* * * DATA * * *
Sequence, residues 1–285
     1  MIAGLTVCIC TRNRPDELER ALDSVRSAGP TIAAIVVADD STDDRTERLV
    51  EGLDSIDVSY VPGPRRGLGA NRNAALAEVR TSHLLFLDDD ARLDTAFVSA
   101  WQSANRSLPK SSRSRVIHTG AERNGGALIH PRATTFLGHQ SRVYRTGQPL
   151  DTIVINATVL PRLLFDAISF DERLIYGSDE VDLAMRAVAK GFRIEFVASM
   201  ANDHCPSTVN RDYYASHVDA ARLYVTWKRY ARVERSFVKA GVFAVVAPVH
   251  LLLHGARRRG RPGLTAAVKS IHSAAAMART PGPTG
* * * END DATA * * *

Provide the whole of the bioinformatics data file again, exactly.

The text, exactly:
Sequence, residues 1–285
     1  MIAGLTVCIC TRNRPDELER ALDSVRSAGP TIAAIVVADD STDDRTERLV
    51  EGLDSIDVSY VPGPRRGLGA NRNAALAEVR TSHLLFLDDD ARLDTAFVSA
   101  WQSANRSLPK SSRSRVIHTG AERNGGALIH PRATTFLGHQ SRVYRTGQPL
   151  DTIVINATVL PRLLFDAISF DERLIYGSDE VDLAMRAVAK GFRIEFVASM
   201  ANDHCPSTVN RDYYASHVDA ARLYVTWKRY ARVERSFVKA GVFAVVAPVH
   251  LLLHGARRRG RPGLTAAVKS IHSAAAMART PGPTG